What I find intriguing is how much pain and suffering the book causes today with evangelicals wanting to bring on Armageddon. See http://www.zerohedge.com/contributed/millions-evangelical-christians-want-start-wwiii-speed-second-coming-and-atheist-neocons?utm

    When we bomb Iran, the roots of our aggression will go all the way back to John’s bad mushroom trip on the Isle of Patmos, which millions of mislead souls now see as being the key to the second coming.

    • Marcus

       You’re talking out of your ass.

      • Dunzain

        More like John of Patmos was talking out of his ass.

  • Marcus

    Kudos for admitting the best known date of origin. Many try to early date it to support, despite the best evidence, the preterist view that nearly all prophecy has been fulfilled–that Revelation was written after the Roman siege of 70 AD, and that’s what the plagues and battles of the book refer to. Granted, it’s clear that John’s Babylon the Great is indeed a masked reference to Rome, but the idea that he was writing about a battle that had already occurred doesn’t wash.

  • Govindacharya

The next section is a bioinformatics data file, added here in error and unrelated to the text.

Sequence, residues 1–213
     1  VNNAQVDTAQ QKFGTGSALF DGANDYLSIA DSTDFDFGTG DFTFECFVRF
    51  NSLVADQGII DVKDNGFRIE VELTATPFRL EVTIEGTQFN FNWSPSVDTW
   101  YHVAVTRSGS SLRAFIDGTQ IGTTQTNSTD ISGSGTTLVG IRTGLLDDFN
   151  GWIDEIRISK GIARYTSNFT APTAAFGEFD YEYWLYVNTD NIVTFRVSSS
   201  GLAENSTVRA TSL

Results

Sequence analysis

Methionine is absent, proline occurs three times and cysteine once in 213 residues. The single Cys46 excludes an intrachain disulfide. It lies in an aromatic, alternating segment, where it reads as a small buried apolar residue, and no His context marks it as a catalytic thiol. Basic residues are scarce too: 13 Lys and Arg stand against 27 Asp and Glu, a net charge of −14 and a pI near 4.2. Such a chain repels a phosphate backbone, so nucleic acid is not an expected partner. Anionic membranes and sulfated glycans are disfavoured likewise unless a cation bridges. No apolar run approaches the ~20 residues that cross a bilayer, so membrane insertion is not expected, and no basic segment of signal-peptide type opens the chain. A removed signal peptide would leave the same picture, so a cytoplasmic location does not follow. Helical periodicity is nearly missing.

What alot of people for the last 1,700 years miss to see, is that the book of Revelation is a Gnostic allegory of Inner Spiritual Awakening or Re-realizing our original Spiritual consciousness as Spirit-souls. If you study the greek word Apocalypse or Revelation, it is talking about Inner Spiritual Revelation or Realization or Awakening. The book is dealing with the end of our materialistic, polluted consciousness and the beginning and Awakening to our intrinsic Christ consciousness or Spiritual consciousness. The four horsemen represent those things in the material world and in material consciousness that afflict us when we are absorbed in this realm of existence. But, when we Gnostically Awaken to and abide in our inner Christ Consciousness/Soul consciousness…they will not affect us. Gnostically, the “seven” churches are the 7 higher powers within us that we need to unlock in order to Innerly-Spiritual progress. To the Ancients, the 7 planets at that time known, corresponded to the 7 planetary energies within us. “The End of the World”…is really the End of our limited material consciousness and misguided material perceptions….The End of the World is the End of the material world and the Beginning of our Heavenly Godly Spiritual consciousness and state of being. Everything is the Book of Revelation is about Gnostic Inner Awakening and Spiritual Realization. Taken from an Esoteric,Intuitive, Gnostic, inwardly-focused, Meditational “looking within” stance…..the Book of Revelation makes TOTAL sense. To understand The Book of Revelation is to KNOW the basis of Gnostic Self-Realization or Awakening to our original Spiritual Consciousness as a soul or spark of God.